ORLANDO, Fla.—Roy Smythe, M.D., says healthcare organizations can encourage physicians to embrace new technologies and innovation. But here's the thing: It’s not all about the money.
Smythe, chief medical officer of healthcare informatics at Netherlands-based tech giant Philips, says innovation requires behavior change. Speaking at the two-day HX360 Innovation Leaders event at the annual Health Information Management and Systems Society conference here this week, he offered up a personal example.
Focus on values, not compensation
In 1998 Smythe bought a first-gen e-reader for his 10-year old daughter. She read 30 print books that year. She read 15 pages on what was at the time a novel device.
He says he made two mistakes anyone working with doctors should avoid. “First, I spent a lot of money on it. Second, I was certain she was use it.”
The concept was fine—that’s step one. But most people just weren’t ready to change their behavior, he added.
“I already told you I couldn’t change my 10-year-old daughters’ behavior … it’s really hard to change an adult’s behavior unless you imprison them.”
And throwing money (let alone more data) at physicians doesn’t work. People who do cognitive work are motivated by higher order values, including:
Task identity: When professionals can see the job and its processes from start to finish.
Skill variety: When they can learn a number of different skills and apply them to their work.
Autonomy: When they can make plans and carry through on them.
Feedback: When they’re told what the desired outcome is and how their performance measures up.
Task significance: When they believe that their work product has a positive influence on someone else.
“What physicians don’t want is data. Physicians have a job. They have a full-time job. In fact, most physicians are working at capacity or above,” he says. But they do want insights, recommendations and operational support.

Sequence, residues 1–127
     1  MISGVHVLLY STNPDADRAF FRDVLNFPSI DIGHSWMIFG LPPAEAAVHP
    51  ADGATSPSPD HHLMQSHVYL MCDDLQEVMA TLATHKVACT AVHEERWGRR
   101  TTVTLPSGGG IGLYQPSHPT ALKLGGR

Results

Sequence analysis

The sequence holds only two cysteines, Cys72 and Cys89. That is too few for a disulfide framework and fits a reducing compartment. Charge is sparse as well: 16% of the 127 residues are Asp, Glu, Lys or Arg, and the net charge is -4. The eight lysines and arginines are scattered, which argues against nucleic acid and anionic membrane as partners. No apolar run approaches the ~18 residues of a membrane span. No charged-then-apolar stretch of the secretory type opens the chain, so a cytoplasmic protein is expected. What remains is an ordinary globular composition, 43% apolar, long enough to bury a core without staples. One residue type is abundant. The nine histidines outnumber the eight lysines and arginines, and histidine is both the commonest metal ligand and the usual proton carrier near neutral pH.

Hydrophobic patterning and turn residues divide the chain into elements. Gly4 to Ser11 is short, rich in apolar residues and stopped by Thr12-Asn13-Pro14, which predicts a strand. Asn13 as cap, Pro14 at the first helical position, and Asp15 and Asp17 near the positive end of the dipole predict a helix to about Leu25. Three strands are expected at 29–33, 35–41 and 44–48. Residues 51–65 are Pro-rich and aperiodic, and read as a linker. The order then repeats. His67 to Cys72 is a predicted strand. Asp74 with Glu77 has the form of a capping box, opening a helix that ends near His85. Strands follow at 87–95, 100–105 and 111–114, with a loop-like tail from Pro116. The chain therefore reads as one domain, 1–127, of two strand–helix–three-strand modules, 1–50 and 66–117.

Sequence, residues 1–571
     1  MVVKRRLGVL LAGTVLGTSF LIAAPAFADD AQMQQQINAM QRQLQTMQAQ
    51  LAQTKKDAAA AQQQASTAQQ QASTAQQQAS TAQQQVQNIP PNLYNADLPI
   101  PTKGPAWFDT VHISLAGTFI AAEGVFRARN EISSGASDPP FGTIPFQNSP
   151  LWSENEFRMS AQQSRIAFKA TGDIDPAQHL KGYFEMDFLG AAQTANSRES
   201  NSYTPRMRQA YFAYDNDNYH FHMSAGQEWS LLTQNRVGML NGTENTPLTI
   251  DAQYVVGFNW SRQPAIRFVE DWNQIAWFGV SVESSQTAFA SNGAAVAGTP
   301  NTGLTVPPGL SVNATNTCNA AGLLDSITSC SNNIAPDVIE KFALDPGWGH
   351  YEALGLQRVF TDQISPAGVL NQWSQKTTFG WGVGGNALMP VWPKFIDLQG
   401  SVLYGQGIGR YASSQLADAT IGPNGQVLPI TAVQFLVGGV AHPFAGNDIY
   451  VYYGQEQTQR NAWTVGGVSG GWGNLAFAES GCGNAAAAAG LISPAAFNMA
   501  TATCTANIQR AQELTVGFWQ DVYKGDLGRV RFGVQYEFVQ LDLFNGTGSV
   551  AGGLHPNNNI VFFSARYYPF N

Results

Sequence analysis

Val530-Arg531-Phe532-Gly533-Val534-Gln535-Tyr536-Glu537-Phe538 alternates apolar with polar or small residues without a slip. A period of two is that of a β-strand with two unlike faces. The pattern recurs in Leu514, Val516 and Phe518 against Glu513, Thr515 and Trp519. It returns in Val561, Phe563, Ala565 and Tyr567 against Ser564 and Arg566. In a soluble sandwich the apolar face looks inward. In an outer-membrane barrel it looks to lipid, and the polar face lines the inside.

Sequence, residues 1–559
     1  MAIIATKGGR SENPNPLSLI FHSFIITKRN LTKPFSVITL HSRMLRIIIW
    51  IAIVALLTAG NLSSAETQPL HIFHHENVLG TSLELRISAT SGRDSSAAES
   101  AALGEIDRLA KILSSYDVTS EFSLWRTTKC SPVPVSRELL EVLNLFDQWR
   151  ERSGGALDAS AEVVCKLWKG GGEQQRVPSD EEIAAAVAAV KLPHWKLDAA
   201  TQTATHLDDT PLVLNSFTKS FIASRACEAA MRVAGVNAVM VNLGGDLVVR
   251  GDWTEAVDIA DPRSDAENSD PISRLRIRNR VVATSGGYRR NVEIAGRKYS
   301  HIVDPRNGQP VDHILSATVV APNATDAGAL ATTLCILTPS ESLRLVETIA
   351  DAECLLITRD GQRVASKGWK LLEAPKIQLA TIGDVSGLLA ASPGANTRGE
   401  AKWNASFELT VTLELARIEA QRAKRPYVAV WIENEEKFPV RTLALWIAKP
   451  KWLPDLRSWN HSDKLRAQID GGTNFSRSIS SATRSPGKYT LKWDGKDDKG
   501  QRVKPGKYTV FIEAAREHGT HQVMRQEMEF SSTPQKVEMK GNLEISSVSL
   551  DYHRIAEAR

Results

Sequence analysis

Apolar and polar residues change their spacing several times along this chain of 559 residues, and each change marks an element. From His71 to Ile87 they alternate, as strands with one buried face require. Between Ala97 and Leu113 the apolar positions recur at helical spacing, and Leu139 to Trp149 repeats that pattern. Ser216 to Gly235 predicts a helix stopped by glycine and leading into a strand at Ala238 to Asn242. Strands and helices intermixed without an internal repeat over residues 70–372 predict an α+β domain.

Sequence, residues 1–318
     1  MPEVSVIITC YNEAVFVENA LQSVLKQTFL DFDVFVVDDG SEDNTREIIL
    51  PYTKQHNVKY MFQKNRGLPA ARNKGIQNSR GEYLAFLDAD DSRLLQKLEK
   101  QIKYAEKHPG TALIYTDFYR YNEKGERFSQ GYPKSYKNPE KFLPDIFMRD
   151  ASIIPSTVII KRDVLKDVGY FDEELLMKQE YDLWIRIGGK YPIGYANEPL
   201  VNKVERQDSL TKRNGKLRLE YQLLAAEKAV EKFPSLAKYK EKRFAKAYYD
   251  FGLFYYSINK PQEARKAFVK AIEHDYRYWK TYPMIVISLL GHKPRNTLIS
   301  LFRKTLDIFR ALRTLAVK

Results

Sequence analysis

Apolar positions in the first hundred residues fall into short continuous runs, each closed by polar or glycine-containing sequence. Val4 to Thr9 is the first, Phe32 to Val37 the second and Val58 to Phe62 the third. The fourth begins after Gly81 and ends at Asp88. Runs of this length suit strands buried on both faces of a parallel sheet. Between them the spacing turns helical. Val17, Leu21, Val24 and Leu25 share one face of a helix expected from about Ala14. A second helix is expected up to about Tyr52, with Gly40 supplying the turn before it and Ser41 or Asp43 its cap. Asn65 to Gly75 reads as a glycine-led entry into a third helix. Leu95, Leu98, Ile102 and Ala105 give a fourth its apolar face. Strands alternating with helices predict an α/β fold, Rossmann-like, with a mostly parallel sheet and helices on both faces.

Instill confidence with transparency
When you introduce new products, solutions and health IT services, be sure to tell clinicians what’s in it for them. And, Smythe adds, “don’t make things up.” In other words, don’t make vague promises that an initiative will make their lives better. They won't believe you, anyway. Tell them what they will gain and what sacrifices they’ll have to make.
“If you have trouble articulating the benefits of the solution, then think twice.”
Pay docs what they're worth
At the end of the session, one audience member questioned Smythe on his money-isn’t-everything theory in a market where many physicians are having a hard time sustaining their practice.
The industry has decided over the last two or three decades that the way to change physicians’ behavior is incentives for positive results and penalties for negative ones, Smythe said. That might work in the short term, but it isn’t a durable solution.
“I don’t mean don’t pay them,” he added. But rather than paying them for each activity they should do and punishing them for what they shouldn’t do, “just pay them what they’re worth.” That way, they can concentrate on how they can provide more value—and not just look for what small things they can change in order to get paid more.